While multicultural composition of nations has become a catchword in public debates, few educators, not to speak of the general public, realize that cultural interaction was the rule throughout history. Starting with the Islam-Christian-Jewish Mediterranean world of the early modern period, this volume moves to the empires of the 18th and 19th centuries and the African Diaspora of the Black Atlantic. It ends with questioning assumptions about citizenship and underlying homogeneous "received" cultures through the analysis of the changes in various literatures. This volume clearly shows that the life-worlds of settled as well as migrant populations in the past were characterized by cultural change and exchange whether conflictual or peaceful. Societies reflected on such change in their literatures as well as in their concepts of citizenship.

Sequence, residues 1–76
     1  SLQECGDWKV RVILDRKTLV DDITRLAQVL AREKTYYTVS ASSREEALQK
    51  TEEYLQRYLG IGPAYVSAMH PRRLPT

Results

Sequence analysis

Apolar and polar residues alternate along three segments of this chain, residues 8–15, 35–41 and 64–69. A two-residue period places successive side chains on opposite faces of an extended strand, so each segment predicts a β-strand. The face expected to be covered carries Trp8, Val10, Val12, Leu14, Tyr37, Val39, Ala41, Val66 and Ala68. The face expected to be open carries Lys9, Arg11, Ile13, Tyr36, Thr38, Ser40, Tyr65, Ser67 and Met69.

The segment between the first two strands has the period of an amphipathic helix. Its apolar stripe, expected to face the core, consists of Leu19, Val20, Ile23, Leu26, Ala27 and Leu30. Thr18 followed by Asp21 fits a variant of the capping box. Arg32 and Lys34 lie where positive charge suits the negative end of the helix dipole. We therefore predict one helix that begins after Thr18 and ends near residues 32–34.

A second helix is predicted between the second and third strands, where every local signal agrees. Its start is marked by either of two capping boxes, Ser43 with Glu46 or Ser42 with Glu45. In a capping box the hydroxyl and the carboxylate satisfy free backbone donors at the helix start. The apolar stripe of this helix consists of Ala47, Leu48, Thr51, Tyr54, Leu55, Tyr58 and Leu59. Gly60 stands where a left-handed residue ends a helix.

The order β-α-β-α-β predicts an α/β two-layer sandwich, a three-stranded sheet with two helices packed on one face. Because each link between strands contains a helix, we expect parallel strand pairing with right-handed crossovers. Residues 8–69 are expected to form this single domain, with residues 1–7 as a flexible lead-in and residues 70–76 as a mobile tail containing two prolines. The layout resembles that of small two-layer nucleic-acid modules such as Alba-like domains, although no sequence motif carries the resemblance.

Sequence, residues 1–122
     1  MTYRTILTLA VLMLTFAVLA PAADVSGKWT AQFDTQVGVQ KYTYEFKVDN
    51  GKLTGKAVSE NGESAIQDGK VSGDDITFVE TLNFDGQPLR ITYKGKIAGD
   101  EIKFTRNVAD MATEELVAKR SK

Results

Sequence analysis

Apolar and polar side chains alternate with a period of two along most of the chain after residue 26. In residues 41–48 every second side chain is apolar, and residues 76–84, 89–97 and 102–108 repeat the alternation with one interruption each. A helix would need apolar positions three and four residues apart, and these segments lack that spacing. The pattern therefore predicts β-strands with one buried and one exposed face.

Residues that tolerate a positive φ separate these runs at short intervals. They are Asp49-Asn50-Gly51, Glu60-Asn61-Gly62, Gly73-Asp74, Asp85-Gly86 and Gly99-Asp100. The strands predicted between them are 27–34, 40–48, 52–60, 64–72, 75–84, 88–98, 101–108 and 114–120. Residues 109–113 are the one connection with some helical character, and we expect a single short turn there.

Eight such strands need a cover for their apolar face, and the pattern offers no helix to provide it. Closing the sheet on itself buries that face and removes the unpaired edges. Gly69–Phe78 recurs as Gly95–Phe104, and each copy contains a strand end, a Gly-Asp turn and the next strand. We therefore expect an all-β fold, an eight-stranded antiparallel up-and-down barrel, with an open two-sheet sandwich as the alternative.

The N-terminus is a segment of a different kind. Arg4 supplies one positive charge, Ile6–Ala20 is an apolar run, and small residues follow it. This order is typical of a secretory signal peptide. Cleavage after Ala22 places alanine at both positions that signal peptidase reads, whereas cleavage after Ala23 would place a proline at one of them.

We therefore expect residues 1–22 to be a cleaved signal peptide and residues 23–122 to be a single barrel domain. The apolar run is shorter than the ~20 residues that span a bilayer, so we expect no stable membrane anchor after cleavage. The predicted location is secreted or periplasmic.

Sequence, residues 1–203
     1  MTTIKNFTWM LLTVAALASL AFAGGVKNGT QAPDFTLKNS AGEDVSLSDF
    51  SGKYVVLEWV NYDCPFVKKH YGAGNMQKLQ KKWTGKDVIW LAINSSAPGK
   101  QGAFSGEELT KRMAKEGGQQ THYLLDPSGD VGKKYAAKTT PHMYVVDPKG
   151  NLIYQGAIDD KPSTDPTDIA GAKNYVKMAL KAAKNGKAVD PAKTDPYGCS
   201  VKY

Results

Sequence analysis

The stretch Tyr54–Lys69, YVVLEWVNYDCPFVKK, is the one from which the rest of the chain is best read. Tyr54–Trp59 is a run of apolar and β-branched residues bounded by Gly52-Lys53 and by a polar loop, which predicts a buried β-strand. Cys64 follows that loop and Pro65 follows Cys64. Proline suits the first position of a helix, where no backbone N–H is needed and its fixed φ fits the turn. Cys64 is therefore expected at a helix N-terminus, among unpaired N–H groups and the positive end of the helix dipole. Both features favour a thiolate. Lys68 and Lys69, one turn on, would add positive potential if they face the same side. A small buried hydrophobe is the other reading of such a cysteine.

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|Size: ||1.3 MB|
|Publisher: ||Berghahn Books|
|Date published: || 2003|
|ISBN: ||9781782387183 (DRM-PDF)|
|Read Aloud: ||not allowed|